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Academic Freedom$
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Jennifer Lackey

Print publication date: 2018

Print ISBN-13: 9780198791508

Published to Oxford Scholarship Online: November 2018

DOI: 10.1093/oso/9780198791508.001.0001

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When Protest and Speech Collide

When Protest and Speech Collide

Chapter:
(p.151) 9 When Protest and Speech Collide
Source:
Academic Freedom
Author(s):

David Estlund

Publisher:
Oxford University Press
DOI:10.1093/oso/9780198791508.003.0009

Even when it is not violent, a disruptive public protest often raises our hackles. Even when it is not illegal, we might wonder whether it is morally justifiable. In particular, one of the ways a protest can be disruptive—interfering with the ability of others to speak or express themselves—might seem especially damning. Such speech-interfering protests are often vilified, as if they fly in the face of the principle of freedom of speech, or even of the Constitution itself. Ought a protest’s interfering with the speech of others to count morally against that protest—is it forbidden by a moral principle of free speech? While it will be morally wrong in many cases, the moral presumption against it, even in the setting of a college campus, is not as overwhelming as is often supposed.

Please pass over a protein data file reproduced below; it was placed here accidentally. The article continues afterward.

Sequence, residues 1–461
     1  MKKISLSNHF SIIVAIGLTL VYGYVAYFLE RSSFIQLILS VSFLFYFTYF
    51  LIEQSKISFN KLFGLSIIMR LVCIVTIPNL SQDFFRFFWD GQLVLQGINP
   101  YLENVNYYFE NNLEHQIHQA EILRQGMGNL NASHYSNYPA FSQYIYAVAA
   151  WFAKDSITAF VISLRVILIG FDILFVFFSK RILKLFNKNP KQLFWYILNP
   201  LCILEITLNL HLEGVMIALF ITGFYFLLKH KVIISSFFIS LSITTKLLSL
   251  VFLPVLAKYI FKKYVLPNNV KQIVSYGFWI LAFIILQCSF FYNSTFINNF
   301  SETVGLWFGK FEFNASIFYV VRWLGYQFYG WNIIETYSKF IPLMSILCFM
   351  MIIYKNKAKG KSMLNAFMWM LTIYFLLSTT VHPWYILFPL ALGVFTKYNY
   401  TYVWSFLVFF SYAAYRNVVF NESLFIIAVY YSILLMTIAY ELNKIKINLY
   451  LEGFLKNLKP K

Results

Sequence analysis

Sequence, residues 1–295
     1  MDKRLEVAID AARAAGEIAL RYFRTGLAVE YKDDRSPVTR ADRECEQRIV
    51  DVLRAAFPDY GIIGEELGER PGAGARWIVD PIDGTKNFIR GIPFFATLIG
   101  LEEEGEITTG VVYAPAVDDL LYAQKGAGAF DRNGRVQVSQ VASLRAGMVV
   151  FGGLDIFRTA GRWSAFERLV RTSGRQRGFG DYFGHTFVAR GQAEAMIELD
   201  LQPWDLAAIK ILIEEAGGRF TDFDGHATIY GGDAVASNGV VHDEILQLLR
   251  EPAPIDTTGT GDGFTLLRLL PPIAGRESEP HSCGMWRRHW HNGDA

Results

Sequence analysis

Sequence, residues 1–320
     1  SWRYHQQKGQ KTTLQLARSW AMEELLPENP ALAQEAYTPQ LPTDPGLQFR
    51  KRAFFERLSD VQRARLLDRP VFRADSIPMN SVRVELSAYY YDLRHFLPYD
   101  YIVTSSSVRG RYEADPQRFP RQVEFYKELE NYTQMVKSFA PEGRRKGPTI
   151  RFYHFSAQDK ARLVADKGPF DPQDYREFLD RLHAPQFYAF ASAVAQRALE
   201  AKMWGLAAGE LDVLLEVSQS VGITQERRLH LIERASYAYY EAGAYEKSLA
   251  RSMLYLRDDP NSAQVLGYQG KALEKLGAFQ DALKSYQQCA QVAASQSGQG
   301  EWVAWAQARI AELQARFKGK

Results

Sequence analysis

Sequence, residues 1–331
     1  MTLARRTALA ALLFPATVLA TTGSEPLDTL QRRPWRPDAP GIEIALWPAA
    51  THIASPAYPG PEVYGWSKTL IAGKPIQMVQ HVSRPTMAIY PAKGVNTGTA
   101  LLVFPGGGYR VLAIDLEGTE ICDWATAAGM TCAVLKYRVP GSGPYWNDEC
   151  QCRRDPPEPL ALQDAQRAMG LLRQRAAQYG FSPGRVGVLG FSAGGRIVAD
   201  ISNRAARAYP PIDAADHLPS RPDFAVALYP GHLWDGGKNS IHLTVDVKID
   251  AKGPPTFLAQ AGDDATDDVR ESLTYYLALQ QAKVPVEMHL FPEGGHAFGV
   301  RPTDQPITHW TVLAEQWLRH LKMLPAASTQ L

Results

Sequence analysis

Keywords:   freedom of speech, protest, First Amendment, campus politics, civility

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